Becky Manawatu

Becky Manawatu Photo: WORD Christchurch

From Becky Manawatu:

As the writer Becky Manawatu doesn’t consider herself brave, she approaches the theme through remembering a time when she wasn’t. For her, it’s all about mana, experienced in childhood at primary school, then withdrawn when she moved into secondary education.

The night before I was to go to a local high school for a streaming test, I checked my pencil case to make sure I had everything I needed. I remember feeling it was important to get a good night’s sleep, setting the alarm earlier than usual to eat some Weetbix, have a shower and go through the contents of the pencil case once more. Maybe do some of those figure-of-eight things with my thumb, those brain exercises. Remembered a deep certainty I’d do well at the test which would label us. And we all knew what the labels were: we would either be brainy, average or dumb.

Remember arriving at the hall at Buller High hardly ever having been there before. Remember looking at the desks set apart from each other. Remember sitting up in my seat pretty sure I’d do okay. Had a little korero with myself about how I should go slow, take my time on each answer, did not pay attention to the ticking clock.

A wave of anxiety cut through me when and adult in the room said, “Just five minutes left.” Not entirely sure, but my recollection is I was just over half-way through. When time was called I hadn’t completed it, and knew deep down I hadn’t done as well as expected. Had not factored time into the thing, so focused on being careful, forgot also “Be fast, like it’s a race.”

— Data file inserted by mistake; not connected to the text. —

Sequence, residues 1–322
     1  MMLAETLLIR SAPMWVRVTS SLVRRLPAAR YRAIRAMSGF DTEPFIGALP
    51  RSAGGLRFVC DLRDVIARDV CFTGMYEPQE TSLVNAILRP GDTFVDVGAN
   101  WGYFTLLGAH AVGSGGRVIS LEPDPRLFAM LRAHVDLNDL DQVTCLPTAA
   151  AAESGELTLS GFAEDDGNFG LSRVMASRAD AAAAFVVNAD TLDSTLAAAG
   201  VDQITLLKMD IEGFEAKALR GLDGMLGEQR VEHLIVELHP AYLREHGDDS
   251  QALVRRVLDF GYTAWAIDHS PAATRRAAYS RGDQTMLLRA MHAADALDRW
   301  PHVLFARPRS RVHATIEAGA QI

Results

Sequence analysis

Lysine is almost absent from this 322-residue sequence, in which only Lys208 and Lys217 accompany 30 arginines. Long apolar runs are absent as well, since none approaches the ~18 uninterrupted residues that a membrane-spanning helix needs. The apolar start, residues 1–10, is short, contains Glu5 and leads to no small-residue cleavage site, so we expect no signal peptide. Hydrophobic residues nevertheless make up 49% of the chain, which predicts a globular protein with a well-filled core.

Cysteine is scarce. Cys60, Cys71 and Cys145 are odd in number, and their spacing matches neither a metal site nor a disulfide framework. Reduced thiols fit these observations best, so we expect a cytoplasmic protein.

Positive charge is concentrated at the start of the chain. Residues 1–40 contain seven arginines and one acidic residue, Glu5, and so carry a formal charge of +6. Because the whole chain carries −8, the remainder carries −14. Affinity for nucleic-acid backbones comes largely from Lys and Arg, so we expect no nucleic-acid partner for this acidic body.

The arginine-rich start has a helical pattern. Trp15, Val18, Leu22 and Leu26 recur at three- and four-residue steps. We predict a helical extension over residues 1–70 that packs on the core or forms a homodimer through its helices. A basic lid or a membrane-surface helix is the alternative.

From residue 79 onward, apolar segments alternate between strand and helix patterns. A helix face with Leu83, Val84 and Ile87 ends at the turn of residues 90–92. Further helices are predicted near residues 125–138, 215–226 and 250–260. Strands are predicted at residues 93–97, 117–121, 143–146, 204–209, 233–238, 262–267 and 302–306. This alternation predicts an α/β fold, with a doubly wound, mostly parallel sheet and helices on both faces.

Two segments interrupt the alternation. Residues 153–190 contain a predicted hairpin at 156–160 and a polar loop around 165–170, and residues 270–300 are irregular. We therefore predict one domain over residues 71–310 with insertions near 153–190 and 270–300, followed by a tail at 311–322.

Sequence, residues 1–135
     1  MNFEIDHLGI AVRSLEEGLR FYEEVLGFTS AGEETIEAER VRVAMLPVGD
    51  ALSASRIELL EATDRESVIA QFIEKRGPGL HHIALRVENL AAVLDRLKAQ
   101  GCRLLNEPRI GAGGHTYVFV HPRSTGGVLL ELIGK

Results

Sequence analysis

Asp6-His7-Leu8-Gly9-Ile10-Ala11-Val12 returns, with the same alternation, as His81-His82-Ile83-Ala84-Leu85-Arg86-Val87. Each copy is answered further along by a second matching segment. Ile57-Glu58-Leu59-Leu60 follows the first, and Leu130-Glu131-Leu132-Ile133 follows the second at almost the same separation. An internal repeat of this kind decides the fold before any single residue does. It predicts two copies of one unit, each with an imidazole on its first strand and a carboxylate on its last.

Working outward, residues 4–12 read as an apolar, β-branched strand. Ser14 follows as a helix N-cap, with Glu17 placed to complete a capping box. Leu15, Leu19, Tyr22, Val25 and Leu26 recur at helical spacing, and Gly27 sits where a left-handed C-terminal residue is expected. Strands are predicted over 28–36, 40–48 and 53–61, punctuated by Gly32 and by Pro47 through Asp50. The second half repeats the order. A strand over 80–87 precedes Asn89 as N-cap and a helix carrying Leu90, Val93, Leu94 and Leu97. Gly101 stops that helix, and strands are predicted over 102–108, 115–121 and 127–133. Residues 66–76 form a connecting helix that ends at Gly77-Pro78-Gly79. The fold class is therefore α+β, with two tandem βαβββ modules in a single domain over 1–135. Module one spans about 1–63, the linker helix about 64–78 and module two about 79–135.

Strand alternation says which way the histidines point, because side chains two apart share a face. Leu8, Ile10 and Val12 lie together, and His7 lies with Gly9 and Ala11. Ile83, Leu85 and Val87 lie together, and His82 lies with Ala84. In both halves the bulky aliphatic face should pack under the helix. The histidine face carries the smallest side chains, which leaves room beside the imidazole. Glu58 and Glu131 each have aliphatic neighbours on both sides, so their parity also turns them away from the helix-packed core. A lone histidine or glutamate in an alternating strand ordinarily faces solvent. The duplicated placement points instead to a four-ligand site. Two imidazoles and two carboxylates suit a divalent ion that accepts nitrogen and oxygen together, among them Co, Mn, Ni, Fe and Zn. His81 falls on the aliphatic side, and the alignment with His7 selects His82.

Had me a tangi when I learned my label. My brain function was henceforth, or at least until proved otherwise, to be classed as Average.

Embarrassed to say I did not show up the first day at Buller High with the intention to prove them wrong. I thought, “If they think I’m average, I’ll be average.”

More about the speakers

Elizabeth Knox 

Elizabeth Knox CNZM is the author of thirteen novels, three novellas, and a book of essays. Elizabeth won the Prime Minister’s Award for Fiction, 2019. Her most recent novel The Absolute Book will be published in the US and UK in 2021.


Mohamed Hassan 

Mohamed Hassan is an award-winning journalist and poet from Auckland and Cairo. He was the 2015 NZ National Poetry Slam Champion and has toured his work internationally, representing New Zealand at the Individual World Poetry Slam in 2016. His poems have been shared widely online, and have been taught in hundreds of schools. In 2017 he was awarded the Gold Trophy at the 2017 NY Radio Awards for his RNZ podcast series Public Enemy, covering Islamophobia and counter-terrorism, and his most recent series The Guest House tackles community grief following the Christchurch attacks. His latest collection of poems National Anthem is published by Dead Bird Books, and explores themes of displacement, nationalism and mental health.

Becky Manawatu 

Becky Manawatu (Ngāi Tahu) is a reporter for The News in Westport and was a finalist in the Voyager Media Awards for one of a powerful series of essays she wrote for Newsroom and The Spinoff. Becky’s first novel, Auē, won the 2020 Jann Medlicott Acorn prize for Fiction and MitoQ Best First Book of Fiction. Her short story ‘Abalone’ was longlisted for the 2018 Commonwealth Short Story Prize, and an essay ‘Mother’s Day’ was selected for the Landfall anthology Strong Words.

This session was recorded in partnership with WORD Christchurch

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Photo: WORD Christchurch